President Joe Biden defended the withdrawal of the US military from Afghanistan while committing to evacuating remaining Americans; plus, more of this week’s top stories in Democratic politics.
President Joe Biden gave a fierce defense of the withdrawal of the US military from Afghanistan on Tuesday and recommitted to evacuating remaining Americans who seek to leave the country.
President Biden forcefully defended his self-imposed deadline of August 31, NBC reported.
“Let me be clear, leaving August the 31st, is not due to an arbitrary deadline,” President Biden said. “It was designed to save American lives.”
“So, we were left with a simple decision,” Biden continued. “Either follow through on the commitment made by the last administration and leave Afghanistan or say we weren’t leaving and commit to another tens of thousands more troops going back to war.”
“That was the choice, the real choice,” Biden added. “Between leaving or escalating. I was not going to extend this forever war. And I was not extending a forever exit.”
According to officials, there are still between 100 and 200 Americans who wanted to leave Afghanistan but were unable.
President Biden denied allegations of “leaving Americans behind,” saying his administration reached out to remaining Americans 19 times, ABC reported.
“The bottom line, 90% of Americans in Afghanistan who wanted to leave were able to leave,” Biden said. “And for those remaining Americans, there is no deadline. We remain committed to get them out if they want to come out.”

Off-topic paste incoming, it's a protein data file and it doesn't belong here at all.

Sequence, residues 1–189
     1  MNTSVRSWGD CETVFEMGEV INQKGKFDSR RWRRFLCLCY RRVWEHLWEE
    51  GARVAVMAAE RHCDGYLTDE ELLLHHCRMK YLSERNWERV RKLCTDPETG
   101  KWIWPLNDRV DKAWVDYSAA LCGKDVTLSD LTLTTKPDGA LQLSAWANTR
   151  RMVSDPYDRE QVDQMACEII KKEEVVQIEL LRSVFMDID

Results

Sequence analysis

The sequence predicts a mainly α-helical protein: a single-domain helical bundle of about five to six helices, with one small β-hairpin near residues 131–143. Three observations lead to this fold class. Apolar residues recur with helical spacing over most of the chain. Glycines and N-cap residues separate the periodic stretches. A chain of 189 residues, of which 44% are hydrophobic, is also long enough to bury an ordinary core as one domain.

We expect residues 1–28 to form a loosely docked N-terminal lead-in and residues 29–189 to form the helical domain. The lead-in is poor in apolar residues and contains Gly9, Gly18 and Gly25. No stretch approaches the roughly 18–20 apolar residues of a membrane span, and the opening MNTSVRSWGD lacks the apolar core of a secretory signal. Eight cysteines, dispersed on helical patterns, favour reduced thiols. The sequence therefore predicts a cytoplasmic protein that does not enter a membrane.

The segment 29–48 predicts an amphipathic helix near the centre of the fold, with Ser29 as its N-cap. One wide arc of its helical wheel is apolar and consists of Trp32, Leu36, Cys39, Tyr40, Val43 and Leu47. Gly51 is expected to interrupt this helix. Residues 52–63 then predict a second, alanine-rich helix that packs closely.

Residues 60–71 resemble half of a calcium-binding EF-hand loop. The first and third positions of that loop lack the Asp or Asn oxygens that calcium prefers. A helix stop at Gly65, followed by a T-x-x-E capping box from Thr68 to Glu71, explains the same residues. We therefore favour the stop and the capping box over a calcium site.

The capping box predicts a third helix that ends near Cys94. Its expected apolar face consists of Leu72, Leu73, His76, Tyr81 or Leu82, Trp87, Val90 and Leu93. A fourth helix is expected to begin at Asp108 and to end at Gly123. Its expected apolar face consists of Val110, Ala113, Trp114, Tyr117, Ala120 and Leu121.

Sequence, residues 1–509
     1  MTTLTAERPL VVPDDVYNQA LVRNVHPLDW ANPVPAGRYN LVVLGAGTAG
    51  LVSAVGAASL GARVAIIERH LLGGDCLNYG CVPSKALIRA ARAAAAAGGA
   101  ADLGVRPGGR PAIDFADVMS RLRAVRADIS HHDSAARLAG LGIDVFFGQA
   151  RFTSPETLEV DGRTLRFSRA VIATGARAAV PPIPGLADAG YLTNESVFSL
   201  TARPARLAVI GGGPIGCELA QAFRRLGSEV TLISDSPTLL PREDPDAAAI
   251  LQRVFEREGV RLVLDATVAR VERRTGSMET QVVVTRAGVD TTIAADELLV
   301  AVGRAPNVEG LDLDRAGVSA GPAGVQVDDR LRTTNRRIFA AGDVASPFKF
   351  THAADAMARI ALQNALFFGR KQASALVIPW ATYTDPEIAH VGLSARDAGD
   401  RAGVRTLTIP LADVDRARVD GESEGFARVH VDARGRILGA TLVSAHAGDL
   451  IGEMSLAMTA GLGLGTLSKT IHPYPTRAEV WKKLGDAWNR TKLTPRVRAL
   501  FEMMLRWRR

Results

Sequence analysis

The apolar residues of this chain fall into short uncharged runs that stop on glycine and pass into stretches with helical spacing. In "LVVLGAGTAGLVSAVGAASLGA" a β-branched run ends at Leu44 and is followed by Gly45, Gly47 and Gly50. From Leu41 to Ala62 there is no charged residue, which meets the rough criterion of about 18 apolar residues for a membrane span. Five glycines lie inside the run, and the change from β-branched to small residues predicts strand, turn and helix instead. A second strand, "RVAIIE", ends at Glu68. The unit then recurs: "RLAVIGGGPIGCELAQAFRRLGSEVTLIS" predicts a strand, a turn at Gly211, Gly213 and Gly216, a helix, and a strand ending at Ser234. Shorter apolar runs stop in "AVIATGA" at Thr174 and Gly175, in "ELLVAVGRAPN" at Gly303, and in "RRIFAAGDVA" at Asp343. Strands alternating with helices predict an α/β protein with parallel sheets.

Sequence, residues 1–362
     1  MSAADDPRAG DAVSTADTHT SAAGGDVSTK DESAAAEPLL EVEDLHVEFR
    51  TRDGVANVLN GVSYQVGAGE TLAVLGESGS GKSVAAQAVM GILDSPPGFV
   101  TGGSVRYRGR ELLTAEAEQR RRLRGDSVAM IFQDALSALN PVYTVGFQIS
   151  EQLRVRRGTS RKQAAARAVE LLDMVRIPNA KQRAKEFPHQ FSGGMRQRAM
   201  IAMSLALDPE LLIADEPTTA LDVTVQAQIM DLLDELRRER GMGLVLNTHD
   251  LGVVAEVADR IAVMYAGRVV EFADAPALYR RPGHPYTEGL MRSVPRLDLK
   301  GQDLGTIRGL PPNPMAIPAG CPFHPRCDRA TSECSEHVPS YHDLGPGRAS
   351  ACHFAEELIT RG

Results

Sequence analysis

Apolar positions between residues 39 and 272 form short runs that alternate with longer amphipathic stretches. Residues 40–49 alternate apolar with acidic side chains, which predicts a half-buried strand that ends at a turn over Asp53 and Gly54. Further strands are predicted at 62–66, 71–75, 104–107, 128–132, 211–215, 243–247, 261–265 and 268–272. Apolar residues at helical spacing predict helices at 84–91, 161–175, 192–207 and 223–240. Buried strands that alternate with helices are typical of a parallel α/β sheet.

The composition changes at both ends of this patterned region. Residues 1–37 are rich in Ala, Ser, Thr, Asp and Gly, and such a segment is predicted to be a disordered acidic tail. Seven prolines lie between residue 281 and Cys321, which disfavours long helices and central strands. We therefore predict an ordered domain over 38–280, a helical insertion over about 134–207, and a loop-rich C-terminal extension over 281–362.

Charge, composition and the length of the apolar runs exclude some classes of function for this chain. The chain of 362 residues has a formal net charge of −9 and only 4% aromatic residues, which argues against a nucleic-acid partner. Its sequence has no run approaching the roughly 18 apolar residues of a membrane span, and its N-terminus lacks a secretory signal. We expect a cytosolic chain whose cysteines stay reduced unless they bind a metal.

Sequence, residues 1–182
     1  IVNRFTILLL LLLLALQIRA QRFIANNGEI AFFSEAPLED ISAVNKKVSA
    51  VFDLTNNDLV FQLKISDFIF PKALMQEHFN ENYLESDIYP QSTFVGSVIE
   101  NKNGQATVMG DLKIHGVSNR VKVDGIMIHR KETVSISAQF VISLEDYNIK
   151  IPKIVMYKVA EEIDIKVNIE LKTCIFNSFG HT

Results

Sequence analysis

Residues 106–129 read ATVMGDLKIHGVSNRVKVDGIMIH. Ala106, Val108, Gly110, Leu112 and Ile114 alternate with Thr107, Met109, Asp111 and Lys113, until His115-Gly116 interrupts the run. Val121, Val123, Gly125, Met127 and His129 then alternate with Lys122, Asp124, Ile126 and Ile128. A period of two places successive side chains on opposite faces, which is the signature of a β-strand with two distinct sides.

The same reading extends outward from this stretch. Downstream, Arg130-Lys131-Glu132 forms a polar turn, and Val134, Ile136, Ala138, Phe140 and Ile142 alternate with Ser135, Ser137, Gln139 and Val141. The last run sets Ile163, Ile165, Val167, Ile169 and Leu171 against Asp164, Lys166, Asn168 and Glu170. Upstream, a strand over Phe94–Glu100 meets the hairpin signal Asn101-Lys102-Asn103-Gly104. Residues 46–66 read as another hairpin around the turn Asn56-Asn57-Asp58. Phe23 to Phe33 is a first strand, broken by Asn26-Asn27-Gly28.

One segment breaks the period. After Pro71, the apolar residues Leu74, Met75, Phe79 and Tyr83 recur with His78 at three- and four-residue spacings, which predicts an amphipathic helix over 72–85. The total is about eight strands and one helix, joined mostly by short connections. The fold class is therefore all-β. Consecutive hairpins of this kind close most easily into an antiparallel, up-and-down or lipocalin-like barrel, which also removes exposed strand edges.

Former speaker of the House Paul Ryan (R-WI) pushed back against the claim of fraud in the 2020 presidential election.
“It was not rigged,” Ryan said during an interview with WISN12 on Monday. “It was not stolen.”
“Donald Trump lost the election,” Ryan continued. “Joe Biden won the election. It’s really clear.”
“He exhausted the court challenges,” Ryan added. “None of them went his way, so he legitimately lost.”
“Is there mischief, organized shenanigans in elections?” Ryan asked rhetorically. “Sure. Is there fraud? Yes. Was it organized to the extent that it would have swung the Electoral College and the presidential election? Absolutely not.”
The White House Council of Economic Advisers, the economic team of President Joe Biden, unveiled a proposed series of policy shifts on Wednesday that seeks to improve housing affordability, the Washington Post reported.
The analysis found the US is 3.8 million homes shy of what is needed to meet demand.
The proposal seeks to add 100,000 affordable housing units over 3 years. It will increase mortgage availability through Freddie Mac and Fannie Mae for manufactured houses and buildings with 2-4 units.
The government will also increase financing options for apartment buildings through tax credits, loans, and grants.
The proposal also seeks to boost housing construction through federal subsidies, low-income housing tax credit, and removing exclusionary zoning that limits new construction.